Hello? Is it seeds you’re looking for?

Not to butcher Lionel Ritchie’s lyrics any further, but for the top eight at the World Grand Prix, this has proved to be far from easy like a Sunday morning. Wednesday night saw both Peter Wright and Rob Cross tumbling out of contention, meaning we have just one seed left. That seed happens to be the reigning champion and world number one, mind.

We start with Chris Dobey, whose first Dublin appearance is proving to be massively promising. The Bedlington ace has been as consistently excellent on the doubles as it gets. Against Gary Anderson, he had a 52% success rate on the starting doubles and a 50% conversion on the finishes. That sort of consistency will trouble Ian White. The Diamond has shown his best stuff in brief flashes; now’s the time to find the A-game.

It’s fair to say that Dave Chisnall will have tougher tests than Stephen Bunting in round two. The Bullet’s average of a shade above 70 detracts from a thoroughly professional performance from Chizzy. Both he and Nathan Aspinall will feel that the World Grand Prix is at their mercy here. The Asp rode his luck at times against Danny Noppert, but rounding off the last four legs in just 58 darts was a touch of class. Both score for fun; this could be a barnstormer.

Lawrence Lustig/PDC

Photo: Lawrence Lustig/PDC

Double Dutch

A lazy look at the World Grand Prix draw would tell you that Michael van Gerwen’s in the clear. After all, he’s the final seed standing. But there are eight players here who can all take the title, and one of them is van Gerwen’s next opponent. Mervyn King, it should be remembered, dumped Mighty Mike out of the UK Open. Gary Anderson and James Wade have also bowed down to the King in majors this year. A foregone conclusion? Don’t bet on it. Van Gerwen will be riding high after an excellent performance against Jeffrey de Zwaan, however.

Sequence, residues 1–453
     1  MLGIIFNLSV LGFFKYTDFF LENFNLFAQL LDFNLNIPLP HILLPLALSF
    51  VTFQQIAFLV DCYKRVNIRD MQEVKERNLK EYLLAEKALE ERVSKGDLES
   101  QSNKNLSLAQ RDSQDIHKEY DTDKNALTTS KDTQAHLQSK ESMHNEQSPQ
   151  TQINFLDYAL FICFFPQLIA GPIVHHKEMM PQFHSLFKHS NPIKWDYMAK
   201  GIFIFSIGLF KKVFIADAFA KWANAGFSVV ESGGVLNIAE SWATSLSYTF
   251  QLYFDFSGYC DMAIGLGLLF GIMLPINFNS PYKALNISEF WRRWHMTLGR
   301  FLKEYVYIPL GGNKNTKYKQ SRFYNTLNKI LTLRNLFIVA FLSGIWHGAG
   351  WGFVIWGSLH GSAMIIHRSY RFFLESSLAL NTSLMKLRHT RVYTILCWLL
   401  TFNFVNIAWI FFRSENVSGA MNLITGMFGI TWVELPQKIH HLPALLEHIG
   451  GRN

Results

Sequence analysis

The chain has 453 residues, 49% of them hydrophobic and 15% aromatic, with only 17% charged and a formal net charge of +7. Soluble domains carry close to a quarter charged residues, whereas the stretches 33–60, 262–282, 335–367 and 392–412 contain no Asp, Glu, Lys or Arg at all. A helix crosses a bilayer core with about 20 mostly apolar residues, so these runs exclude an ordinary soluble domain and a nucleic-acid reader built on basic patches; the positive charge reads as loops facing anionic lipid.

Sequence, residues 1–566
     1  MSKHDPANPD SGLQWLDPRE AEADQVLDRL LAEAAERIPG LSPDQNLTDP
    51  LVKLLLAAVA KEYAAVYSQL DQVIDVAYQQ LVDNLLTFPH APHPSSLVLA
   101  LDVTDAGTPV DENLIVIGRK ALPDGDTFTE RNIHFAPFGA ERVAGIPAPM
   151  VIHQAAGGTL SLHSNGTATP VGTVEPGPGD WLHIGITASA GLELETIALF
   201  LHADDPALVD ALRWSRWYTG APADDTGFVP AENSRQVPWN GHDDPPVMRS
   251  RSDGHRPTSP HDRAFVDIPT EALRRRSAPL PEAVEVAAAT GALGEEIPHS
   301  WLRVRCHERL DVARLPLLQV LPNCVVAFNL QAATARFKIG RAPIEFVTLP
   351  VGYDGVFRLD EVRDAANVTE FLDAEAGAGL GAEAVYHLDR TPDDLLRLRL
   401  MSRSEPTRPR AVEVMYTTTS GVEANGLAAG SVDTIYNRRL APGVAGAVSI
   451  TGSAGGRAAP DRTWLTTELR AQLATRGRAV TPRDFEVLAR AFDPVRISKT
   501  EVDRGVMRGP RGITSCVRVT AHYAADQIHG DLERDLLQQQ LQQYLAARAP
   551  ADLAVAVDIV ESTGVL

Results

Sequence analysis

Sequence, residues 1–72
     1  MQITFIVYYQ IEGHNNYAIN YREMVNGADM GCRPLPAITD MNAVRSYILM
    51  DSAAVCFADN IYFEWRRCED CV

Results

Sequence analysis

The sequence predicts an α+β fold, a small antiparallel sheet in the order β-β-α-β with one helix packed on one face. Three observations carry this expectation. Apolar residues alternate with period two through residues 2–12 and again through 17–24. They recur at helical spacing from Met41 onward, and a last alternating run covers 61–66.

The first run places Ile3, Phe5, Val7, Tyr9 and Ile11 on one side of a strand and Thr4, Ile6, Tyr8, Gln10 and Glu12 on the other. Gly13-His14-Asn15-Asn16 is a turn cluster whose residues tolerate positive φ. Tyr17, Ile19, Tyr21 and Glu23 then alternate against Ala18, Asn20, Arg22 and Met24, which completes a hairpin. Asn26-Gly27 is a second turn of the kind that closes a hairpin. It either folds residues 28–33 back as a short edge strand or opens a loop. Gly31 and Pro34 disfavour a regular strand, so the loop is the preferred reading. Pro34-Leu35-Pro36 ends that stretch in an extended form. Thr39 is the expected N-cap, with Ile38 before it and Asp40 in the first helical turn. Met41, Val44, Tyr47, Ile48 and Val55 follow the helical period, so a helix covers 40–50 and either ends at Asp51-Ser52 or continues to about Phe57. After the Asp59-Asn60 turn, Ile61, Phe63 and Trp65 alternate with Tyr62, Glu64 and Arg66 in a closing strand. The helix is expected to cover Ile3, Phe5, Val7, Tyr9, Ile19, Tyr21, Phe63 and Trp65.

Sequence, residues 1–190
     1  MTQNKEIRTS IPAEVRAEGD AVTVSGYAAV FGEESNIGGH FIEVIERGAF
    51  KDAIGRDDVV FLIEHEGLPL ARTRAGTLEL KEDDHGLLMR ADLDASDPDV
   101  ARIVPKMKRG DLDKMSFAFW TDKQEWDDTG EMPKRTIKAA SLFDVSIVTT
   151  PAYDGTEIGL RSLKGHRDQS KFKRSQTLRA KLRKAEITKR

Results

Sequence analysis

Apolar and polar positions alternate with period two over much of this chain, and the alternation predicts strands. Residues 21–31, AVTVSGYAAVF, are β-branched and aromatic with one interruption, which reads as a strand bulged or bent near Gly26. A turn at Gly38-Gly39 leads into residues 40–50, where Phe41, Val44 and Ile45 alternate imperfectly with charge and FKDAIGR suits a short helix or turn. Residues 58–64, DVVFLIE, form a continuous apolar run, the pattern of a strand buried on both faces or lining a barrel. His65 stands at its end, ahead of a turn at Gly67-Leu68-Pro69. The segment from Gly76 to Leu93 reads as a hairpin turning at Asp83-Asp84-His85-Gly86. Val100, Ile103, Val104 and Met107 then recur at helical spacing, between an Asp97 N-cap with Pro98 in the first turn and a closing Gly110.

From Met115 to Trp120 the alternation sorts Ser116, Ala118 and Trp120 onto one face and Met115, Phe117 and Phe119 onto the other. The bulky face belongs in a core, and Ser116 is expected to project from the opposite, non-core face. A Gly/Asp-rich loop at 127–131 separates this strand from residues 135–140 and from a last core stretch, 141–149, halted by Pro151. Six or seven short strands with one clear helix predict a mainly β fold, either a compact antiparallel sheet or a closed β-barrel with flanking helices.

This is a pretty special moment for both Glen Durrant and Jermaine Wattimena. Durrant, on debut, has beaten 2019’s most recent major winner and is in the last eight. He’ll be in the world’s top 32. Duzza could be the World Grand Prix champion by the end of the week. Jermaine Wattimena, meanwhile, is on his best ever major run. The pure emotion after his win against Peter Wright would melt even the most cynical heart. He’ll have to compose himself once more to deal with a man whose stock continues to soar.

Click here for more information about this tournament, the only one to feature double start on the PDC Tour.

World Grand Prix 2019 schedule

Thursday October 10
Quarter-Finals

19:10 Ian White v Chris Dobey
20:15 Dave Chisnall v Nathan Aspinall
21:15 Michael van Gerwen v Mervyn King
22:15 Glen Durrant v Jermaine Wattimena

Lawrence Lustig/PDC

Photo: Lawrence Lustig/PDC

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Author: Ed McCosh